Join Date: Sep 2007
Location: Bussum, The Netherlands
What do we know sofar?
Dear members, so what do we know sofar?
Please bare with me, first of all I am stating the facts that we have verified.
Next are the things that one of our members has offered as information without saying that this info is right or wrong, just that it needs to be verified. If you have anything to add to the facts or the “offered information”, please do so.
Verified facts about the car:
A Giulia Sprint GT with chassisnumber AR 603142 from 1964 carries an Alfa Romeo engine with a “hanging oilfilter”, a 16 valve head with a waterpassage on the exhaust side, single plug ingnition, a Lucas sliding throttle fuel injection with a metal plenum. The bodyshell is a “widebody” version with roll cage without a slittone rear suspension. The car has the single brake booster (for a car with standing pedals).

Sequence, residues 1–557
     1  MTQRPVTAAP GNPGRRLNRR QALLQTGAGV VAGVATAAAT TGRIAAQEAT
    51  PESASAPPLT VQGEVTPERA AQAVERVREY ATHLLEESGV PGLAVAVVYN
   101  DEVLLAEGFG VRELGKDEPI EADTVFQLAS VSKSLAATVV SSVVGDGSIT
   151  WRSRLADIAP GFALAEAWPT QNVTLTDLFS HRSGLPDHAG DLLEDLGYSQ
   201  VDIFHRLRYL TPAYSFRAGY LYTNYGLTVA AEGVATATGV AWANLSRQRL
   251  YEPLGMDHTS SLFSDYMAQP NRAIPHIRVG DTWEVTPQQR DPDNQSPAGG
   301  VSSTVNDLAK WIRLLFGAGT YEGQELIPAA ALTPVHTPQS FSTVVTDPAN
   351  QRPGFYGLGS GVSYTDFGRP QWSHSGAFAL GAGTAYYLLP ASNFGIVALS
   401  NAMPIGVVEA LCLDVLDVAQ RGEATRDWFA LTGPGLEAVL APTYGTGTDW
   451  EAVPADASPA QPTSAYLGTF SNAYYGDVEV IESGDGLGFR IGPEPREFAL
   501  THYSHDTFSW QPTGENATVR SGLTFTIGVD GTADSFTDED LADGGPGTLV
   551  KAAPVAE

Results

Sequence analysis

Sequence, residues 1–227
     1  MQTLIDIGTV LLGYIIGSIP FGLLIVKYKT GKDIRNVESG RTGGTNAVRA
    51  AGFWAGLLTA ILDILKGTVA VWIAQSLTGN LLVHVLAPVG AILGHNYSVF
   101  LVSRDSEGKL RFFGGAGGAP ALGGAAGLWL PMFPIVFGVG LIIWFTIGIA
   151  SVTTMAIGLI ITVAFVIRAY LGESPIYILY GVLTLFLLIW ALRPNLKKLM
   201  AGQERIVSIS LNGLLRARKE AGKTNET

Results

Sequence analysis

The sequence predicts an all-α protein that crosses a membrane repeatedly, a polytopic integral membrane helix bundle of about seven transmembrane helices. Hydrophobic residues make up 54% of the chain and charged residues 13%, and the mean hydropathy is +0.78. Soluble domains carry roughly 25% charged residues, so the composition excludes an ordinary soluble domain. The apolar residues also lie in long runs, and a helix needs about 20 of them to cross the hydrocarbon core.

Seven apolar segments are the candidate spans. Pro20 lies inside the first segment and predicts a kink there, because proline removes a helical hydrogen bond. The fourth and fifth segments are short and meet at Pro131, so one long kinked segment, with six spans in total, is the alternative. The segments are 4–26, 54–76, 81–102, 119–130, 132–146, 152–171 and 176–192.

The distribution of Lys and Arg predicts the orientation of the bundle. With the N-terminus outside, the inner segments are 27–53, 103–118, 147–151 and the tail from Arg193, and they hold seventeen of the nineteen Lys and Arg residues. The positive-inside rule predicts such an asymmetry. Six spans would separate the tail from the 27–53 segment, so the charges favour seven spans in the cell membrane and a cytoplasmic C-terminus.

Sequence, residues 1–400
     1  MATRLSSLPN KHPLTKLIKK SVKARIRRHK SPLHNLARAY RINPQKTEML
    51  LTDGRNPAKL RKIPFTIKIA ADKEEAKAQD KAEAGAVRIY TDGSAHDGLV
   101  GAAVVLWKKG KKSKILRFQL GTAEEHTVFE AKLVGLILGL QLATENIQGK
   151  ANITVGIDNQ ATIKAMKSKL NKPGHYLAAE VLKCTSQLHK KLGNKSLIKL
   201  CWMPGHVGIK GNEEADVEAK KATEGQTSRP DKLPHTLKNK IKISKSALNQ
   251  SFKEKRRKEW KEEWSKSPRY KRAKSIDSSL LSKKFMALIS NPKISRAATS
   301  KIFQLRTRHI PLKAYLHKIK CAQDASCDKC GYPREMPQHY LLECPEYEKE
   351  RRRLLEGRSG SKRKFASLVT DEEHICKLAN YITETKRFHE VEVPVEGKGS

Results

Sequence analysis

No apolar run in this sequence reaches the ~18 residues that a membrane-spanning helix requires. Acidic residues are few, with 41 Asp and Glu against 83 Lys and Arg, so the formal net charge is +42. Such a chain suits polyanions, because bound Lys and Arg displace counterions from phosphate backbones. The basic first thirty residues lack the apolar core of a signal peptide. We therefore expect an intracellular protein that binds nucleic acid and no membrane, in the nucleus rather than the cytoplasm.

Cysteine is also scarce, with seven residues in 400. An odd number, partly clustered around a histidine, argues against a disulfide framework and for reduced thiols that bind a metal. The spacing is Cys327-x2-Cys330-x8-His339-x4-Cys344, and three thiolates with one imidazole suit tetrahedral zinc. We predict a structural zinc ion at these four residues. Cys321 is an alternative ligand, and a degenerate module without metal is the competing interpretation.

The Technical Board of the Registro Italiano has reviewed the documentation of this car that was sent to them. It is not known if they inspected the car itself. They gave “approval for the engine only” with nameplate No. 258 in 1987.
This car was offered at auction on the 18th of January 2014 by Coys with an estimate of 110K – 130K Euro’s. The car was sold for 87K Euro’s.
GTV6SA took pictures of the same car when it was in a private collection.
We know that Autodelta had developed a 1500cc “Marine” engine for motorboat racing. It is mentioned in the first edition of “Alleggerita”. Please let someone check the page as I am not able to get to my first edition of “Alleggerita”.
Opinions and things that need verification: